International Association for Cryptologic Research

International Association
for Cryptologic Research


Zhengan Huang

ORCID: 0000-0003-3509-787X


Asymmetric Group Message Franking: Definitions & Constructions
As online group communication scenarios become more and more common these years, malicious or unpleasant messages are much easier to spread on the internet. Message franking is a crucial cryptographic mechanism designed for content moderation in online end-to-end messaging systems, allowing the receiver of a malicious message to report the message to the moderator. Unfortunately, the existing message franking schemes only consider 1-1 communication scenarios. In this paper, we systematically explore message franking in group communication scenarios. We introduce the notion of asymmetric group message franking (AGMF), and formalize its security requirements. Then, we provide a framework of constructing AGMF from a new primitive, called $\textup{HPS-KEM}^{\rm{\Sigma}}$. We also give a construction of $\textup{HPS-KEM}^{\rm{\Sigma}}$ based on the DDH assumption. Plugging the concrete $\textup{HPS-KEM}^{\rm{\Sigma}}$ scheme into our AGMF framework, we obtain a DDH-based AGMF scheme, which supports message franking in group communication scenarios.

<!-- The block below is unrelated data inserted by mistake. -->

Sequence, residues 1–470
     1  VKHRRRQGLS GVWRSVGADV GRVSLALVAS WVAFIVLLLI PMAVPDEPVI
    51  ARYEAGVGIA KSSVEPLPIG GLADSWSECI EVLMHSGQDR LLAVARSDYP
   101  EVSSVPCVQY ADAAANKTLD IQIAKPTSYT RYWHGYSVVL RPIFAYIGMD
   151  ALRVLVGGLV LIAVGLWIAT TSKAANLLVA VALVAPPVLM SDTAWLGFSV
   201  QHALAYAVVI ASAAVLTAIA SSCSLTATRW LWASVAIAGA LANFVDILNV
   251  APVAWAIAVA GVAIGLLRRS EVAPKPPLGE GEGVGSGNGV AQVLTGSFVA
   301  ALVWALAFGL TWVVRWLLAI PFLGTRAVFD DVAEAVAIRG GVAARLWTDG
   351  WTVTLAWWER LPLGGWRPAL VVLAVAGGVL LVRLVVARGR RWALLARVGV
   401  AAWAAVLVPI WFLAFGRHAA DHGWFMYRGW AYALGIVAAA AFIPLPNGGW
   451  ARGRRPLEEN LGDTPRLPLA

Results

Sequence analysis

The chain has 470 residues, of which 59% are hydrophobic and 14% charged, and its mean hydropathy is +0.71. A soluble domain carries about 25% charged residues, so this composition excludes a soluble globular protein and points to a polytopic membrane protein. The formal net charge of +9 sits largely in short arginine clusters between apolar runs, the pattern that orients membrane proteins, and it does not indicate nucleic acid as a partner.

Non-Interactive Zero-Knowledge Functional Proofs
In this paper, we consider to generalize NIZK by empowering a prover to share a witness in a fine-grained manner with verifiers. Roughly, the prover is able to authorize a verifier to obtain extra information of witness, i.e., besides verifying the truth of the statement, the verifier can additionally obtain certain function of the witness from the accepting proof using a secret key provided by the prover. To fulfill these requirements, we introduce a new primitive called \emph{non-interactive zero-knowledge functional proofs (fNIZKs)}, and formalize its security notions. We provide a generic construction of fNIZK for any $\NP$ relation $\R$, which enables the prover to share any function of the witness with a verifier. For a widely-used relation about set membership proof (implying range proof), we construct a concrete and efficient fNIZK, through new building blocks (set membership encryption and dual inner-product encryption), which might be of independent interest.
DAG-$\Sigma$: A DAG-based Sigma Protocol for Relations in CNF 📺